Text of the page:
A couple on their artificial nest.

The project led by Dr. Neiva Guedes also works with local communities, conducting environmental education and raising awareness among people in the attempt to assure the conservation of remaining forest patches, which are fundamental for feeding, sheltering and reproduction of the Blue Macaws. Community education, decreased deforestation and burning by ranchers have all considerably reduced pressures on this endangered animal. They also suggest that farmers grow and protect native palm and Manduvi trees from cattle as intensive grazing hinders their success. Finally, the project also promotes ecotourism; a sustainable and responsible form of tourism which depends on wildlife conservation. In the Pantanal of Brazil, many ranchers have turned their farm into an eco-lodge attracting tourists, wildlife lovers and photographers from all over the world. The Pantanal, where the Hyacinth Macaw Project has been working for the last 30 years, is the land hosting the largest population of hyacinth macaws reaching up to 5000 individuals. A trip to the Pantanal guarantees you many sightings of this impressive bird!

Conservation efforts are successful as the population of Hyacinth Macaws in the Pantanal is recovering. Their numbers have more than tripled since 1990 and they have started to expand to other regions. However, according to the International Union for the Conservation of Nature (IUCN), the global population amounting 6,500 individuals is still declining. Today, the species is still considered vulnerable to extinction by the IUCN, but the continuing population growth in the Pantanal leaves conservationists optimistic and hopeful for the survival of the species. The work done by the Hyacinth Macaw Project in the Pantanal shows that conservation work is effective and that more support and people in the field is needed to end the global population decline and restore the original number not only of hyacinth macaws but also of other parrots.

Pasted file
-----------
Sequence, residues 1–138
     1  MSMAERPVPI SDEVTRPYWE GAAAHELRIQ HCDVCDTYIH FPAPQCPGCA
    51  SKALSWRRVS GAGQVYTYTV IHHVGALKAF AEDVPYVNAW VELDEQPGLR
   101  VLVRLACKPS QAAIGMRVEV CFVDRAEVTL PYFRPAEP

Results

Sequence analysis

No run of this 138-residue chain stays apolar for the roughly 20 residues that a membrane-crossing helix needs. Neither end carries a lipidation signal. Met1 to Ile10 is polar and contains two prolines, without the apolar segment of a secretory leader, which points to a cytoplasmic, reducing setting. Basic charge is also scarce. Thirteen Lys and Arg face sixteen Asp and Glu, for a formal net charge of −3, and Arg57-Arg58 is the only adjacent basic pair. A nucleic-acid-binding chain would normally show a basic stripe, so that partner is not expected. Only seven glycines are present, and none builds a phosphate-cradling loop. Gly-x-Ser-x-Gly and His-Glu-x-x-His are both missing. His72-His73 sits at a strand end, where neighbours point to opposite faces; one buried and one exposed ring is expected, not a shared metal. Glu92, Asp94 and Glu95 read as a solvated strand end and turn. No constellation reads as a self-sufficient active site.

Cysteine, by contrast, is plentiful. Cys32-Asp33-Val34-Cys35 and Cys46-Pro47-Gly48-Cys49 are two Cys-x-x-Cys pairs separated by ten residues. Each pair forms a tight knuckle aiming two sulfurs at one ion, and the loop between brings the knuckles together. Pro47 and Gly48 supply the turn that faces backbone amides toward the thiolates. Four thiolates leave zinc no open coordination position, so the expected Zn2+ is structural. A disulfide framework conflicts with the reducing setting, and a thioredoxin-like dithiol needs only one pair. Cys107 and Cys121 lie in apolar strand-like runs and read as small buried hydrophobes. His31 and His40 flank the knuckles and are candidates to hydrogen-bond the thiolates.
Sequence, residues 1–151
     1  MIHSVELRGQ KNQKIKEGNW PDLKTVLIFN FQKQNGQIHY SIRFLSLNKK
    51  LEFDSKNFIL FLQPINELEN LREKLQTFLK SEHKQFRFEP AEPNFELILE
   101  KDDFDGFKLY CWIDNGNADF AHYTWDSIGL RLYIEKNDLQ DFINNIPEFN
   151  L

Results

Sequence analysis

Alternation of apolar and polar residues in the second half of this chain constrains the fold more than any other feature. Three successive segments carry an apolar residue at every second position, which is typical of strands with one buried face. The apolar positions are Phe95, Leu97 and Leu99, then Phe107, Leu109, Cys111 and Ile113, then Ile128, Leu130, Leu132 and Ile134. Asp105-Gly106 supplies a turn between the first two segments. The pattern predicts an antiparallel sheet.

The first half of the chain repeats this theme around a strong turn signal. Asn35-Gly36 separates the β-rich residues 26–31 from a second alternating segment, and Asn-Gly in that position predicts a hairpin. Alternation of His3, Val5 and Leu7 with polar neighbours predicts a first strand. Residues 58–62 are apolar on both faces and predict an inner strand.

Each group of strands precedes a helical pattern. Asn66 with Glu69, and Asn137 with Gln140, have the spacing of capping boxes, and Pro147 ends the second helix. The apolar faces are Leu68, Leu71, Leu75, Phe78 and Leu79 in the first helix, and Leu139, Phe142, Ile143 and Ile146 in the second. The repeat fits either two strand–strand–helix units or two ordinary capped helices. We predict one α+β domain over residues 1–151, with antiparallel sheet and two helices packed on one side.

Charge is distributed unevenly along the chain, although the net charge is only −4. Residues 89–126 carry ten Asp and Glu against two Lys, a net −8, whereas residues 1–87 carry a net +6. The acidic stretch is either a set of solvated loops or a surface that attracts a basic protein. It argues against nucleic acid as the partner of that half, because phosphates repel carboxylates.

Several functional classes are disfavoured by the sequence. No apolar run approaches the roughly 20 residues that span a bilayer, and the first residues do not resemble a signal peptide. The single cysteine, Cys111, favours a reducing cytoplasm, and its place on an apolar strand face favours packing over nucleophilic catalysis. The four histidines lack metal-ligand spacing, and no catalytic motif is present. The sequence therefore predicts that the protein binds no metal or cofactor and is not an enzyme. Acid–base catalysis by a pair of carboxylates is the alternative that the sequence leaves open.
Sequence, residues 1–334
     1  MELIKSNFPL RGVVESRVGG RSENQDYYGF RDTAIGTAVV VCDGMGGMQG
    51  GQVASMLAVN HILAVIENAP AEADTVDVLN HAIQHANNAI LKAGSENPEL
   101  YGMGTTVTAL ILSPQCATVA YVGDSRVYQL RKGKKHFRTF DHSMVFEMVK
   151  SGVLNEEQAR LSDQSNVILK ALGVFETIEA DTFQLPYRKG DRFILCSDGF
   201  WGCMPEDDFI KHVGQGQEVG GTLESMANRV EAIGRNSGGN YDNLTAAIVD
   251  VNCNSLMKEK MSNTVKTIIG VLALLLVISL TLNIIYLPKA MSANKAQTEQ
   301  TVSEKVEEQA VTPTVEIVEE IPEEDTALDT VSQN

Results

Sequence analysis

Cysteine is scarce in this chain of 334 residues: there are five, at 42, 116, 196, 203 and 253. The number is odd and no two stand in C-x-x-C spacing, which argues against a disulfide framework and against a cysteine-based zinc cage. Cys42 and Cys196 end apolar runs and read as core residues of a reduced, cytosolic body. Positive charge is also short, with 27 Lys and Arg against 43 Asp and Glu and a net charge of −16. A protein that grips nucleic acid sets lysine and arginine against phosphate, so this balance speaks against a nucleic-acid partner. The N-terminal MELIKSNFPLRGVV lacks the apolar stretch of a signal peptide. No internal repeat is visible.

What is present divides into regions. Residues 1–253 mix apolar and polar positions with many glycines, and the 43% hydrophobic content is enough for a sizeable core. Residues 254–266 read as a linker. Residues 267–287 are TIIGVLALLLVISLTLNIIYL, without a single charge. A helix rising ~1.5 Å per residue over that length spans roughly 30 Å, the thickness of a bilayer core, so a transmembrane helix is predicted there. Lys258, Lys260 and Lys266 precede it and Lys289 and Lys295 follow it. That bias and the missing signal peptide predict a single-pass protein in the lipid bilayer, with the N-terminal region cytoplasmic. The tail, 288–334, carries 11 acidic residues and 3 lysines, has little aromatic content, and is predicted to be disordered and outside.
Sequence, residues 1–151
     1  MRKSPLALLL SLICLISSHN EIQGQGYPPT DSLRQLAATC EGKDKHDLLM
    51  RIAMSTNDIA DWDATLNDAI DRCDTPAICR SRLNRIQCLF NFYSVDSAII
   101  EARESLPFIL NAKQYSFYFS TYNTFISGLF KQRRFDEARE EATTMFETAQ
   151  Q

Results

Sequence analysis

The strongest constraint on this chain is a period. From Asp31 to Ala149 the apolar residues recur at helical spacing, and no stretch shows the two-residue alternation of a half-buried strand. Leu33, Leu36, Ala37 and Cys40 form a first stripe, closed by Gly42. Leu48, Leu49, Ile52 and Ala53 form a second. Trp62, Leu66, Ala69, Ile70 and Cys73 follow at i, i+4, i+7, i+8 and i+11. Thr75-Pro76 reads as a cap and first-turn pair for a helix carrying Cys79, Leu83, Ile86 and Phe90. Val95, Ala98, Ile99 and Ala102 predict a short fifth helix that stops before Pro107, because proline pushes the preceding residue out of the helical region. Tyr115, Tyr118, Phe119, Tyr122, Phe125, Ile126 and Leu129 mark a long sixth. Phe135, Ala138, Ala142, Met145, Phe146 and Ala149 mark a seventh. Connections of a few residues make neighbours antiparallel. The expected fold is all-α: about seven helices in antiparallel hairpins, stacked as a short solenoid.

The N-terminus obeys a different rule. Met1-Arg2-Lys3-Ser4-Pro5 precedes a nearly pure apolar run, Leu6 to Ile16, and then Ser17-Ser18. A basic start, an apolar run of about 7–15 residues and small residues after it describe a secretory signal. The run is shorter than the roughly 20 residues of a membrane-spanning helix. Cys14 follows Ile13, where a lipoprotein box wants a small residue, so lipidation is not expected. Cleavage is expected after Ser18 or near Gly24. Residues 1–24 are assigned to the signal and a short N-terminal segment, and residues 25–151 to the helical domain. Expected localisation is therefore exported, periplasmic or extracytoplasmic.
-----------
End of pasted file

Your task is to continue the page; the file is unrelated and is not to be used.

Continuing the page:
Four Hyacinth Macaws flying in Brazil. Dr. André Jardim Arruda

References

Guedes NM (2004). Management and conservation of the large macaws in the wild. The Neotropical Ornithological Society, 15 (Suppl.): 279–283

Nogueira F, Pinho JB (2003). Hyacinth macaw (Anodorhynchus hyacinthinus) reproduction in the northern Pantanal, Mato Grosso, Brazil. The Neotropical Ornithological Society, 14: 29–38

Guedes NM. Installing and monitoring artificial nests by the Hyacinth Macaw in the Pantanal, Brazil. Neotropical ornithological congress, 6, Book of Abstracts, Monterrey y Saltillo, México, 4-10/10/1999, p. 155-156.

Birdlife International : http://datazone.birdlife.org/species/factsheet/hyacinth-macaw-anodorhynchus-hyacinthinus

IUCN Red List : https://www.iucnredlist.org/species/22685516/93077457

 

Picture References :

http://flying-animal.blogspot.com/2011/10/hyacinth-macaw.html

https://www.flickr.com/photos/aivarmikko/47444543712/in/faves-53738630@N00/

https://www.reuters.com/article/us-eu-bird-imports/eu-tightens-pet-bird-import-rules-idUSTON18616920070112

http://www.oliviergrunewald.com/photo/french/detail/2752-BR01_FA50_PAN_0052.html

Last photo : Dr. André Jardim Arruda

 

by Margaux d’Ambly.